This codelab will teach you how to embed 360 degree VR media into websites using VR View. This technology is designed for developers of traditional apps to enhance them with immersive content. For example, VR view makes it easy for a travel app to provide viewers with an underwater scuba diving tour as they plan vacation or for a home builder to take prospective buyers on virtual walkthrough before the home is built.

VR View is available not only on web pages, but also for Android and iOS. There is a companion codelab to this one which introduces VR view in Android.

What you'll learn

What you'll need

You should have everything you need here. If not, find a T.A. and ask!

This codelab uses:

During the codelab we'll download code from Github:

Tell us a little about you

How will you use use this tutorial?

Read it through only Read it and complete the exercises

How would you rate your experience with building Web applications?

Never tried Novice Intermediate Proficient

How would you rate your experience with Google Cardboard VR?

Never tried Novice Intermediate Proficient

How would you rate your experience with VR image and video capture?

Never tried Novice Intermediate Proficient

For this codelab, We'll start with a web page about Google I/O 2016. We'll replace some of the included images with VR View elements that will give the 360 degree view, and an immersive experience via Cardboard.

Get the sample project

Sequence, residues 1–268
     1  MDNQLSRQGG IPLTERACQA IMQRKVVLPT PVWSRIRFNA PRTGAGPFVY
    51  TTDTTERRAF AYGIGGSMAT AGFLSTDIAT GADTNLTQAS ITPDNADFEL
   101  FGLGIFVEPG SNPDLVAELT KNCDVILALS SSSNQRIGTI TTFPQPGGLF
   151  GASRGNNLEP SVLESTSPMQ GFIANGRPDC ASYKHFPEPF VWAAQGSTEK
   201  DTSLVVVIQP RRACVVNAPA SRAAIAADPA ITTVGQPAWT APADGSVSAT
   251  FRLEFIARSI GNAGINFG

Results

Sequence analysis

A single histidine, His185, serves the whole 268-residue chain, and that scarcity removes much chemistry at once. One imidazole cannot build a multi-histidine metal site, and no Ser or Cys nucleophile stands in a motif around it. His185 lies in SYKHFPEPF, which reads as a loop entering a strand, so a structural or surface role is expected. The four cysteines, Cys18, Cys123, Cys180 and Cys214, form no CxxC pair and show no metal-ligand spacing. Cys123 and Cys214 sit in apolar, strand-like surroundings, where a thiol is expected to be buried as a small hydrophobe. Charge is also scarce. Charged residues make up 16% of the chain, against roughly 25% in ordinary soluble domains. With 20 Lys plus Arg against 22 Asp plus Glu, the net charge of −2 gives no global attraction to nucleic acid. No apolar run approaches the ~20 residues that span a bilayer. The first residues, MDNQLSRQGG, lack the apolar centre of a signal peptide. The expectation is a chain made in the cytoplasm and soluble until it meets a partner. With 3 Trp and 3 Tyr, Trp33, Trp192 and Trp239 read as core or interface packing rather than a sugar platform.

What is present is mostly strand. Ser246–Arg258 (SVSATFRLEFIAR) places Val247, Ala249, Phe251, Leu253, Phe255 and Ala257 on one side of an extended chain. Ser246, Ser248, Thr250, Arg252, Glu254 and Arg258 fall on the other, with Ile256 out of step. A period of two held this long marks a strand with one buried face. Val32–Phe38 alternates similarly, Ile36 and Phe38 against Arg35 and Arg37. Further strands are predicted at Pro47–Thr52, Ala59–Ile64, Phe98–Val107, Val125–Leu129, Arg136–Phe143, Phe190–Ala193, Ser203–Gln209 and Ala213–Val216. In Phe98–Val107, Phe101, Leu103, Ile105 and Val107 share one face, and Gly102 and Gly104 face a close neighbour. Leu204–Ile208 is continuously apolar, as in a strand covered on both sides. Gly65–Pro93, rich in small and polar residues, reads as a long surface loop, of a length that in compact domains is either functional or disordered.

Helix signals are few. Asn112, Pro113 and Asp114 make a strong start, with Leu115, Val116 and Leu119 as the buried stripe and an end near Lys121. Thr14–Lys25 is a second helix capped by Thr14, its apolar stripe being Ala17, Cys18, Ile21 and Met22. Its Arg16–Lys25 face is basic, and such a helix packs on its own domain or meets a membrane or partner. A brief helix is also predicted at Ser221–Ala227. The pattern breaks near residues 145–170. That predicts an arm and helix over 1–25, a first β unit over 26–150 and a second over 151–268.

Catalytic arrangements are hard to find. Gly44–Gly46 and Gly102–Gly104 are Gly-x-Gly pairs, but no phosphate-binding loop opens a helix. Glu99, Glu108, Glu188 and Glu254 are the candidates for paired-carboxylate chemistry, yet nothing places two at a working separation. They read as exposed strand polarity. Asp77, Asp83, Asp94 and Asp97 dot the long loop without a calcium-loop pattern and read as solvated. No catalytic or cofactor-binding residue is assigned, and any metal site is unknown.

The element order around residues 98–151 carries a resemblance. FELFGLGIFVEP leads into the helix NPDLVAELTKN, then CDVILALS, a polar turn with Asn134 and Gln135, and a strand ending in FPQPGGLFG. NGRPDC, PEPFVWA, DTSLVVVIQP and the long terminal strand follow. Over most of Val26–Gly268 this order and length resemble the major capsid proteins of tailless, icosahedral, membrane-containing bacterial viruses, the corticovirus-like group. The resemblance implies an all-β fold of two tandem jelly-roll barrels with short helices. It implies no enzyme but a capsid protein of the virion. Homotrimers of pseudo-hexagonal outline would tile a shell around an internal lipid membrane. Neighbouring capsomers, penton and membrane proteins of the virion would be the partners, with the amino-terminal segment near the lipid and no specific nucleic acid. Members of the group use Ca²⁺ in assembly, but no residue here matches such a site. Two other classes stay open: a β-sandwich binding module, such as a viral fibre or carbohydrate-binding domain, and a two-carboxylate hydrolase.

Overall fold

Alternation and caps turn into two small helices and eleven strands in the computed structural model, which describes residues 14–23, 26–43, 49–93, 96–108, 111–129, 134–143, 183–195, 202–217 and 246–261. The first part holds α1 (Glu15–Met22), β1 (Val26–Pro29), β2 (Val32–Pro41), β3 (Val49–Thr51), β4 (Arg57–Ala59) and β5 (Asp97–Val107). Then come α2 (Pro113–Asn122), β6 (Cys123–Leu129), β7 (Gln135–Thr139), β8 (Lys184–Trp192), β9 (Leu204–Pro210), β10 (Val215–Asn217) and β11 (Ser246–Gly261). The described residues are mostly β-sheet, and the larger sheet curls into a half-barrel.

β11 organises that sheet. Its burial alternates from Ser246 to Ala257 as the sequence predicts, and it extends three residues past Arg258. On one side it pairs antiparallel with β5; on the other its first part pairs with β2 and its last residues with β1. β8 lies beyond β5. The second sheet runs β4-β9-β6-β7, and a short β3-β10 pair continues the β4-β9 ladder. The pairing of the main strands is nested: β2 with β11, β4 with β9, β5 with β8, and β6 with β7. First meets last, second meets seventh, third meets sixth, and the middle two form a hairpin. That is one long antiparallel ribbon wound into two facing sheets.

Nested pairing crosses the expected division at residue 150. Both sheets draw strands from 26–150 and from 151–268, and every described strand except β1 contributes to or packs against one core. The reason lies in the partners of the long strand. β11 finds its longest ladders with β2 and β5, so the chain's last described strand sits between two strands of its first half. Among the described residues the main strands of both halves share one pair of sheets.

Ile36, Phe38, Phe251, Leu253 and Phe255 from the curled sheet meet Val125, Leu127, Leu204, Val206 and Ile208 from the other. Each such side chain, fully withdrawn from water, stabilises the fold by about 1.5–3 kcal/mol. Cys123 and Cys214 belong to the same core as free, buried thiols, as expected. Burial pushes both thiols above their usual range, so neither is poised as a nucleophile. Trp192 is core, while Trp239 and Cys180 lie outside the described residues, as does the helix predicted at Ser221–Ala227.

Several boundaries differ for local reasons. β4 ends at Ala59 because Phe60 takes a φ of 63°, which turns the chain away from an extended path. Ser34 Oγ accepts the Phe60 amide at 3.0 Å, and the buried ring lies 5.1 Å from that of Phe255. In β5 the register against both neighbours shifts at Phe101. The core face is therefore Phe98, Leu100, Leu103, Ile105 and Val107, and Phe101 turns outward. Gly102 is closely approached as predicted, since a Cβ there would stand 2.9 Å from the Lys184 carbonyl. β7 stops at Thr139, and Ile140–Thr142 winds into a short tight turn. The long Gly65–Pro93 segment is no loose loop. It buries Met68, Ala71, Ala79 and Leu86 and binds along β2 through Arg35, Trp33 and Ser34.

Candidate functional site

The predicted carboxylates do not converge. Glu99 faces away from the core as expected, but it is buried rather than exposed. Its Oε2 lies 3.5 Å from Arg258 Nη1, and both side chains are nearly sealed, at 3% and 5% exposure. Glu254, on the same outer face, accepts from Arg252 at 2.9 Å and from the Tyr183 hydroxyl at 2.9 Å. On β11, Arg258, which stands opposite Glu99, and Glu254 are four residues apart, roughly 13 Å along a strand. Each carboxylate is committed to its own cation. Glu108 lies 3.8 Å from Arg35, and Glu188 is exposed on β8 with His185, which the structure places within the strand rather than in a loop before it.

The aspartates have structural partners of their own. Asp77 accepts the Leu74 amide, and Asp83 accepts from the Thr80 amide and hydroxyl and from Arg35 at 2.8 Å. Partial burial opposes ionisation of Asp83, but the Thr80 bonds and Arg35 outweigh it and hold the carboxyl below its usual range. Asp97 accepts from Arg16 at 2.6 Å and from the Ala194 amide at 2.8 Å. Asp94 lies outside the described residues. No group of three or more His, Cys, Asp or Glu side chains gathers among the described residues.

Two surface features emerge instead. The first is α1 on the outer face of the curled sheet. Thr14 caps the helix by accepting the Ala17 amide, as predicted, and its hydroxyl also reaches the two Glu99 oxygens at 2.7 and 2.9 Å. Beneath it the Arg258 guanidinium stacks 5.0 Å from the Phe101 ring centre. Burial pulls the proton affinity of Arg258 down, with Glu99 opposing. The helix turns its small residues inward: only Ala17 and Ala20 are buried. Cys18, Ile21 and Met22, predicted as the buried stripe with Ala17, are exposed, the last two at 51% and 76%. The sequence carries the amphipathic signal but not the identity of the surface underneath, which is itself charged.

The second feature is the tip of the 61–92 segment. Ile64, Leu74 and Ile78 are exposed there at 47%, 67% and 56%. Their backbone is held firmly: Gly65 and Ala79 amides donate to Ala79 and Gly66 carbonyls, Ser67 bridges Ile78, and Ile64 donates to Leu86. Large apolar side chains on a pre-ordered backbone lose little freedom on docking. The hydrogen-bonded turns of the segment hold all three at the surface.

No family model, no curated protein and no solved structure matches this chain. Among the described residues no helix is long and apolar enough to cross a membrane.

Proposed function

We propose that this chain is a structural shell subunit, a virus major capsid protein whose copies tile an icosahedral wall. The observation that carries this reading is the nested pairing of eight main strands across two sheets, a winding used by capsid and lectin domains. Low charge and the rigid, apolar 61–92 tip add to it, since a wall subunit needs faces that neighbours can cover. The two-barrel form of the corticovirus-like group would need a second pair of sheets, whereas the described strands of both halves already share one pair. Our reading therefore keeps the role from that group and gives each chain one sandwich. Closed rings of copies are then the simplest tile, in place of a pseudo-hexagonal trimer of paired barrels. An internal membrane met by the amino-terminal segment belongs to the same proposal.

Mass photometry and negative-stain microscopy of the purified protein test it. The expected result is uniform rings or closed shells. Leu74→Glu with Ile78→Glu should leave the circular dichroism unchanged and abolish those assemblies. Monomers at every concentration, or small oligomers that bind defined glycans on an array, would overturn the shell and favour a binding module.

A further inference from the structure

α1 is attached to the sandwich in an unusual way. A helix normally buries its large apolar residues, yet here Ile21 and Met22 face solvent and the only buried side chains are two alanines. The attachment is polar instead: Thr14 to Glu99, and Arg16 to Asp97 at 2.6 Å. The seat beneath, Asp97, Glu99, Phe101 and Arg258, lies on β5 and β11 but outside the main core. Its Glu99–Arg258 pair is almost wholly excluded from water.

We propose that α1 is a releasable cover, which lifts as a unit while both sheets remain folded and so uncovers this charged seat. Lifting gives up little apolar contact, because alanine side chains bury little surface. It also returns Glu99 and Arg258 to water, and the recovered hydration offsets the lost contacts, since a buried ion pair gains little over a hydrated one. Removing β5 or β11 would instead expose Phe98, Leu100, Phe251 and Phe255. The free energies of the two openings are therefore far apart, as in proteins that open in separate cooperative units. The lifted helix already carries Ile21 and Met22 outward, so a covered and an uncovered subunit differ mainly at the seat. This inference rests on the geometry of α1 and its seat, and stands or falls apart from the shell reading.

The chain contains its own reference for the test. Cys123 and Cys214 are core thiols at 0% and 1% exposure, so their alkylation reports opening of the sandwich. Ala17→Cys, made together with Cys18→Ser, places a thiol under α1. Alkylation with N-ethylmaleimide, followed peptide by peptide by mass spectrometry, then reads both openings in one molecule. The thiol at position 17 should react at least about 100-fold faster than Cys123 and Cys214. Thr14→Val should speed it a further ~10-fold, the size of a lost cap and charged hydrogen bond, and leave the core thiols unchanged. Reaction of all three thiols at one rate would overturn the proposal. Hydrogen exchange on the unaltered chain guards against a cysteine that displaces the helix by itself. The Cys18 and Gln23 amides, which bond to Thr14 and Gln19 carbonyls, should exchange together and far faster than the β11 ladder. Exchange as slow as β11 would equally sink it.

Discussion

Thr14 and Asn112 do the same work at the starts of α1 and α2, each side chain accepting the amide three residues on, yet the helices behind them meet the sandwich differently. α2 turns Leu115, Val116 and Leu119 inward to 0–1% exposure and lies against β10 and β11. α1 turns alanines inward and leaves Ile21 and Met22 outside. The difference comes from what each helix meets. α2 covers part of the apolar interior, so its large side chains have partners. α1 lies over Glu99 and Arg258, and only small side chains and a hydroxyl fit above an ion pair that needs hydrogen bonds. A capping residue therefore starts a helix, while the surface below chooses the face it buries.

For this codelab, we've made a web page as a starting point. During this codelab, we'll walk through how easy it is to add VR View.

Download sample code package

...or clone the GitHub repository from the command line.

$ git clone

First, let's take a look at a web page about I/O. This is included in the sample code. website/ directory. You'll need to run a web server to see the page in action. For the codelab, we'll use a Chrome based web server. To start the web server,

  1. Click on the "Apps" bookmark in the bookmark bar
  2. Find "Web Server"in the list and click it.
  3. Click "Choose Folder" and select the vr_view_101/website directory.
  4. Make sure the web server is started.
  5. Enable "Accessible accessible on local network" so we can see this site on a phone.
  6. Click on the link to the "Web Server URL(s)" to see the site. It should show a directory listing of the files, click on index.html

As you can see, we've removed the material design and other styles that make web sites great so we can focus on adding VR view functionality - which we'll do next!

Typically, you'll capture images and video and host it on the web. For trying out VR view and initial testing you can use the URL to the public viewer. However, since there are some situations where this will not work as well as you want, we suggest hosting the VR view code on your own site. All the details on getting the code and why you'd want to host it yourself can be reviewed here:

Now, let's clone the vrview project into ours. From a command prompt, change directories to vr_view_101/website, and clone the vrview project:

$ git clone

Your directory should now look like this:

Now we have all the code we need, let's get an image.

While the web page is nice, let's enrich the experience by adding a 360 degree view of I/O. Grab the phone and start the Cardboard Camera app. This app will take a pretty good panoramic picture with a stereoscopic effect.

Click on the camera button and follow the prompts to take a picture. It will take a few seconds to process the image and save it.

Copy the image to the computer

Once it is saved, we'll copy the image from the phone to the computer. At kiosks during I/O, we'll use Android File Transfer to copy the image.